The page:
Tag Archives: #Greed

Flynn, Sabrina; The Broken God (Legends of Fyrsta III) (2016)

Although The Broken God can be read alone, it is better to read A Thread in the Tangle and King’s Folly first.

Some characters hit me harder than others. In The Broken God that was the boy Zoshi. There really isn’t anything unique about Zoshi. He’s just another “street-rat” among many others. Like street-rats everywhere, hunger, homelessness and poverty are his companions.

“The street rat had survived eight years in the docks, and he knew what danger felt like. This was it. All prickling over his body, making his legs want to run.”

We first met Zoshi in King’s Folly. His plight broke my heart. Zoshi’s story in The Broken God is just as difficult for me to read.

“… The light wavered with his shaking. Zoshi gripped his own arm, trying to keep it still. He was falling, he was sure of it, and his stomach had been left at the cave wall.

Tears slipped down his cheeks and piss seeped down his leg – the smell of courage. It was strangely reassuring in the void of time and space. …”

Courage is like that, and I love that Flynn recognizes this. I also love that one of the bravest people in her story is this 8-year old boy who had just been through one terror and now tries to muddle through his another. All alone, except for the dog/mammoth/crow Crumpet.

Marsais is a mess. Being at least 2000 years old and a seer will do that to you. His mind travels all potential futures and “endless hallways of memory“. Keeping track of when he is has become almost impossible. His meddling left one of his stabilizers behind. Isiilde did not get on the ship with him. Marsais may come to regret that decision; but like all meddlers, he feels he has done what needed to be done. At least Oenghus is with him. Oen is a rock. Yet even stone can crack. Being without his daughter has also destabilized him. But both men have seriously underestimated Isiilde.

“Finally,” she said, “you’re treating me like an equal rather than a pet to be indulged. I will not become one of Syre’s pet nymphs and I am no longer yours.”

A nymph fighting for the humans who view her as an animal is a struggle for Isiilde. Lieutenant Rivan is probably the only one of the Sacred Order who does not. He is also the only man, other than her father, who is not distracted by her presence. Unless you count  challenging his faith. Blind faith is a dangerous thing. It is easy to forget that knowledge must have precedence. Rivan viewing Isiilde as equal to humans makes him heretic in the eyes of his Order.  He is not alone in questioning old beliefs. Captain Acacia Mael keeps on learning that what her Order claims does not add up with what she observes.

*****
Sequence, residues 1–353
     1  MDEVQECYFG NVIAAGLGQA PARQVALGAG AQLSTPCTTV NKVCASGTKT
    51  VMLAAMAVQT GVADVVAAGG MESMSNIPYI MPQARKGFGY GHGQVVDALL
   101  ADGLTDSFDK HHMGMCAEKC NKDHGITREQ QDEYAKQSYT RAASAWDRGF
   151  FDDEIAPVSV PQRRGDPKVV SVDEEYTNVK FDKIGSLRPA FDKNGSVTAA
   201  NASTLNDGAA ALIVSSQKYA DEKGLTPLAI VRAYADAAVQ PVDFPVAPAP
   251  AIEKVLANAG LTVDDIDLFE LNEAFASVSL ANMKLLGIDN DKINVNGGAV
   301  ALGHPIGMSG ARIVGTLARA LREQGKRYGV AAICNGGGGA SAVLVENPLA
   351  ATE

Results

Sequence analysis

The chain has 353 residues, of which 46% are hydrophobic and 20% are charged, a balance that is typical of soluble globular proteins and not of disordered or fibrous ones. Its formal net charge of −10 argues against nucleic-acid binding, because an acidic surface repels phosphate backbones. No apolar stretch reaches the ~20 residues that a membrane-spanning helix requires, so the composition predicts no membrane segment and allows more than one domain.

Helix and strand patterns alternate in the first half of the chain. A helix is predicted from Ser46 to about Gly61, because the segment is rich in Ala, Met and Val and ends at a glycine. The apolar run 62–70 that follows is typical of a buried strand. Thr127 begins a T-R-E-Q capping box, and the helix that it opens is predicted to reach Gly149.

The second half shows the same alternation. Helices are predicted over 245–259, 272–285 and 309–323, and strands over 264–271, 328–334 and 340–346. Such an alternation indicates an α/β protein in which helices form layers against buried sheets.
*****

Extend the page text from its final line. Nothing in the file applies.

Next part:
In the meantime, healer must become warrior again. Morigan, and the rest of the Isle of the Wise, are beset by betrayal and the Fey. The Fey are phantoms whose whispers invade a person’s mind and leave them incapable of fighting back. Most become mad or die. Morigan does neither. She and Brynhilde are amazing women who do their best for the people they are in charge of.

I think that what I liked most about The Broken God and The Legend of Fyrsta series was that while there were a huge number of endings, there were no happy endings. There were, however, new beginnings. Occasionally, death is postponed and, instead, another chance was given. Not to make things over or better than before, but to continue trying to make a go of it. We can’t really ask for more than that. Except maybe strawberries.

Absolutely loved it. Definitely recommended.

I was asked to review The Broken God by Sabrina Flynn


My reviews of:

  1. A Thread in the Tangle
  2. King’s Folly

Sofras, Lynette; Cocktails and Lies (2016)

Cover by Nika Dixon
Cover by Nika Dixon

Until I was asked to review Cocktail and Lies by Lynette Sofras, I had not heard the term “cozy mysteries“. I needed to look it so I would read the story in the proper frame of mind.

Cocktails and Lies is a mystery and romance story. Our main character is Hannah James. She lives in London in a house squeezed in behind an apartment building. Hannah works as an insurance loss adjuster. We first meet her when she is picking up her mail:

“Are you stealing our junk mail?”

Voice accusing, mocking even, with a hint of an accent; masculine, unfamiliar and unexpected – so much so that it made me lose my precarious balance and topple sideways, cracking my knee on the cold, marble floor and putting me at an even greater disadvantage. I bit back my sarcastic retort, realising I must appear pretty suspicious, crouching in front of the mailboxes in a building in which I didn’t even live.

This clumsy meeting introduces another important character, Jansen (Jan) Behrendt. Jan owns an auction house in London and is an expert on fine arts and collectibles. He is also one of Hannah’s love interests and a suspect when Hannah’s house is burgled.

Detective Sergeant Callum Connors is the CID detective in charge of investigating the burglary. DS Connors’ other role is as Hannah’s second love interest, a typical romance story move. I suppose authors use love-triangles because they are supposed to create tension. That must be a non-aspergers thing.

There are two mysteries in the story. Well, one mystery and one kind of mystery.

The mystery is, obviously, who the burglar is, and her/his motive. Hannah inherited her house from Grandmother Elouise. The house is two cottages knocked into one. The burglars seemed to be looking for something specific. They had searched all rooms, yet taken only Elouise’s art deco stuff and some antique crystal and china. Other valuables were left behind.